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DAFM Reference


DAFM Award

DAFM National Call 2015 15F747 NUIG (Teagasc) €98,877

Project Title:

Enzymes for efficient milk oligosaccharide production (EFFICIenz)

Project Coordinator:

Prof Lokesh Joshi

Project Abstract

This application builds upon an ongoing FIRM-funded project “Enzymatic generation of sialylated lactose from waste whey using marine-derived sialyltransferases” (SIALenz). Two strategies were proposed for the production of sialylated oligosaccharides for use in infant formula supplementation. One strand described in vitro reaction of sialic acid and lactose catalysed by novel animal sialyltransferases while the second strand described bacterial fermentation on lactose using a metabolically engineered Lactococcus strain. The enzymatic addition of sialic acid (Neu5Ac) to lactose cannot be achieved efficiently and with specificity by chemical synthesis. A number of studies have shown that the sialylated oligosaccharides, possess anti-adhesive effects against certain pathogens and pro-adhesive effects for beneficial commensal strains. Sialyllactoses are present in bovine milk but at much lower levels than in human making isolation from bovine milk an impractical option at present.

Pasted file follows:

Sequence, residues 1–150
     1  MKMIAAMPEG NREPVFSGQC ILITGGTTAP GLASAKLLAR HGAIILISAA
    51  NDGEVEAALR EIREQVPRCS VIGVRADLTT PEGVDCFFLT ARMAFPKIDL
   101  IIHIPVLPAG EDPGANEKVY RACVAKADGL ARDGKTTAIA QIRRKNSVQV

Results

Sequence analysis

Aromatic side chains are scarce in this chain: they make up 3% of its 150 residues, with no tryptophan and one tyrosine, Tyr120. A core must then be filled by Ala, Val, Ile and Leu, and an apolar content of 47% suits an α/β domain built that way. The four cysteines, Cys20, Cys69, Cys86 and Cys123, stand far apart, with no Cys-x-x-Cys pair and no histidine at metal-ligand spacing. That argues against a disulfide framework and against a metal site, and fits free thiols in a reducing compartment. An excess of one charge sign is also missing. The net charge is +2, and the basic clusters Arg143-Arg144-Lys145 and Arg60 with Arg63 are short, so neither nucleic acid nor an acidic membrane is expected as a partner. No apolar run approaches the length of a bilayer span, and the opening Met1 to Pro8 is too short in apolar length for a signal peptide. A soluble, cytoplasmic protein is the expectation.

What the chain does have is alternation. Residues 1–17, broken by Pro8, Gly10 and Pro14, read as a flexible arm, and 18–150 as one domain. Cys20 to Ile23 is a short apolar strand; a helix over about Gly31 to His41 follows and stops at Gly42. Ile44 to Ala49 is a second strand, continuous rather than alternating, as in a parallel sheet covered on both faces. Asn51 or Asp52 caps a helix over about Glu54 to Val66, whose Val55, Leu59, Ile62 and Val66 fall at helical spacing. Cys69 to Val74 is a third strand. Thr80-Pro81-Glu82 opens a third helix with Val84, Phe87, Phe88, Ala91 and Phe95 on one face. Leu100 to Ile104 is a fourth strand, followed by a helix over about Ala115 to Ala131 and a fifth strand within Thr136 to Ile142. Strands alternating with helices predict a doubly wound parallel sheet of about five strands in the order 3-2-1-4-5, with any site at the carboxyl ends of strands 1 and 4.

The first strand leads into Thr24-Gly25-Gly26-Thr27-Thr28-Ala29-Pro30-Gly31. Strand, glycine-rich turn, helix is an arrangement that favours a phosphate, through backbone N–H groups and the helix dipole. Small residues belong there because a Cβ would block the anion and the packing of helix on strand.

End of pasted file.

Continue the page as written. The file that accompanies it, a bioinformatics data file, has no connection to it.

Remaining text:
A commercial necessity for the production of sialyllactoses by the in vitro approach using novel purified CHO expressed sialyltransferases is an inexpensive supply of the substrate CMP-Neu5Ac (CMP-activated sialic acid). We propose to use purified CMP synthetase (CMAS) to convert Neu5Ac to CMP-Neu5Ac. Because CMP-Neu5Ac is relatively unstable, a secondary goal is to fuse CMAS with ST6Gal1 making a complex that transfers labile CMP-Neu5Ac directly from CMAS to ST6Gal1 thereby making 6’sialyllactose from lactose and sialic acid. In our second approach to HMO production, we propose to use the expertise gained in the SIALenz project to expand our repertoire of oligosaccharides to the production of fucosylated oligosaccharides. Fucosylated HMOs are important in shaping the infant gut microbiome and are associated with a lower risk of diarrhoea and respiratory disease. We are currently in the final stages of creating a metabolically engineered E. coli strain capable of producing 3’ and 6’-sialyllactose. We will use a similar recombineering approach and enzymes derived from marine bacteria/non-human pathogen sources to produce 2’fucosyllactose

Final Report:

Not available yet.